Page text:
- Doctors are charging more than recommended Medicare fees for procedures
- The overcharging is encouraged by the peak industry body in their guidelines
- Health Minister Greg Hunt acknowledged the growing anger over medical fees
A secret list used by doctors to set rates for services for thousands of procedures shows that many charge up to 10 times more than the fee Medicare recommends.
The Australian Medical Association’s “List of Services and Fees” which has never been made public, explains why patients are left $1.6 billion out of pocket each year.
The excessive charges covers everything from having babies to replacement hip and knee surgeries as well as cancer treatments.
The ‘List of Fees and Services’ by the Australian Medical Association recommends doctors overcharge by as much as three times the standard Medicare rate
AMA President Dr Michael Gannon defended the industry-guarded document, explaining that the Medicare rates have been frozen since 2014 while the AMA rates were indexed to inflation and wages growth.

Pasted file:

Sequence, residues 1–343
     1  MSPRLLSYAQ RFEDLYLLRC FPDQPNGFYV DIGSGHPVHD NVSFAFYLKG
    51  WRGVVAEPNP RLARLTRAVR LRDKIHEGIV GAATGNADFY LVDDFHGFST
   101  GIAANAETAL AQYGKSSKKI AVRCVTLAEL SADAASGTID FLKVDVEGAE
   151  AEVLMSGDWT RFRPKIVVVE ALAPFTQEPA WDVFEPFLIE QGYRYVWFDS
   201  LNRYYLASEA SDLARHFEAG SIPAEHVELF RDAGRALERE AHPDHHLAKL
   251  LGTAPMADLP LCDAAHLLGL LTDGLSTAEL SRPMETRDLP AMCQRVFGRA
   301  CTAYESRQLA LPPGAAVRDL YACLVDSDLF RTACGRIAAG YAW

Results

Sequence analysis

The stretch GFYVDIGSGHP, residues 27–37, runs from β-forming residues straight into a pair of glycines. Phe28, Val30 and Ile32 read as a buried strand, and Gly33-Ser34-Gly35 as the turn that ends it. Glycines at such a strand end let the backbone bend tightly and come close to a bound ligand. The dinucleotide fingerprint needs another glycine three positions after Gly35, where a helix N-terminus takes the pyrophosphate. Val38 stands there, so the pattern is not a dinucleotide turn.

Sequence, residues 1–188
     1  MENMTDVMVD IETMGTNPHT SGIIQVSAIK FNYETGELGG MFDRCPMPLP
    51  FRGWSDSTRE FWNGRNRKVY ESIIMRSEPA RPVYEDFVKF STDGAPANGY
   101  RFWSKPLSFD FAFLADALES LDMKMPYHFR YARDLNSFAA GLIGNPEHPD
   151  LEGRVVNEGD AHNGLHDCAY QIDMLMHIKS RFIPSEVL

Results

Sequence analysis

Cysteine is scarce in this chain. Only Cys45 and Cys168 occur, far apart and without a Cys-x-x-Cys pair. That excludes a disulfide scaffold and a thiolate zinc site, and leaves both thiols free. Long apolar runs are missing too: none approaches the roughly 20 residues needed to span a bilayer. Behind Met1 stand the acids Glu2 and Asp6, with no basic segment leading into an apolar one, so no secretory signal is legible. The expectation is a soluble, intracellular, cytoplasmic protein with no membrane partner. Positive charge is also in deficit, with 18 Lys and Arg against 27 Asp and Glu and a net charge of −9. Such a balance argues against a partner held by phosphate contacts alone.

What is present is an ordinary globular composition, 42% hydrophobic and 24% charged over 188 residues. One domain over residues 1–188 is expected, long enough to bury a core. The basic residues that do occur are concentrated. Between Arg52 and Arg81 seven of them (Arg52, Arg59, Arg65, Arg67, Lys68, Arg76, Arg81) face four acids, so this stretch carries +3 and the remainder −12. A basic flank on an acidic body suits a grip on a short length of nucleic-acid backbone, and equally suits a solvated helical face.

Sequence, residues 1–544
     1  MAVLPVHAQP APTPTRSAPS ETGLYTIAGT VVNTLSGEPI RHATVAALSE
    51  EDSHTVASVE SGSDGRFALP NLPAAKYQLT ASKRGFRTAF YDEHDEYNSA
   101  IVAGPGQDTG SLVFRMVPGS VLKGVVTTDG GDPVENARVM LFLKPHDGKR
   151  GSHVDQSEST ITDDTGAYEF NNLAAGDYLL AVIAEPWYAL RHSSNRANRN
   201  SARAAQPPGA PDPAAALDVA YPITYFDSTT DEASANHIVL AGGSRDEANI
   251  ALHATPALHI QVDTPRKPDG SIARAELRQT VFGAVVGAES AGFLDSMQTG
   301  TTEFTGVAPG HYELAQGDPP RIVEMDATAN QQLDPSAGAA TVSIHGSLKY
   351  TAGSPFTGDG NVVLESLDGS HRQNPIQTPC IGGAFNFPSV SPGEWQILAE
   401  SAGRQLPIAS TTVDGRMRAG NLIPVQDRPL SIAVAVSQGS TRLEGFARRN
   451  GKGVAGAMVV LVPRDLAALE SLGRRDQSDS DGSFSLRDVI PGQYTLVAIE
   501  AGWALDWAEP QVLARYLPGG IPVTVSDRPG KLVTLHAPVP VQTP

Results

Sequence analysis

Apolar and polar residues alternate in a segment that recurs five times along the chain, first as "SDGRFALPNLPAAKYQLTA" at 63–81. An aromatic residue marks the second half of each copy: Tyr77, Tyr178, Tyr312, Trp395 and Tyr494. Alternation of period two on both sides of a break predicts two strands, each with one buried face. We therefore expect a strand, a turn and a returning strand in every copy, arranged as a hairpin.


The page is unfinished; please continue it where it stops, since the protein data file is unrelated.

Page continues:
He did, however, acknowledge that some doctors are charging even more than the already higher AMA recommended fee.
‘If a doctor charges more than the AMA fee they need to explain to their patients why that is the case,’ he admitted.
There have even been accusations that some doctors are charging more than the health insurance rates for procedures and are giving patients two bills.
The first bill allegedly fits into the health fund criteria so patients can claim rebates while the second bill contains the excessive overcharging.
Health Minister Greg Hunt addressed the growing anger over medical gap fees last year when he asked Chief Medical Officer Brendan Murphy to investigate the issue.
A proposed solution is to establish a public website containing doctor’s fees where consumers can shop around for the best price.
Head of Health Insurance for Bupa Australia, Dwayne Crombie, said that overcharging by doctors weakens the value of health insurance.
‘If customers have to pay out of pocket gaps because a fee is high, then people question what benefit insurance provides them, without realising where the cost is coming from and why they are having to pay it.’
Australian Medical Association President Dr Michael Gannon defended the document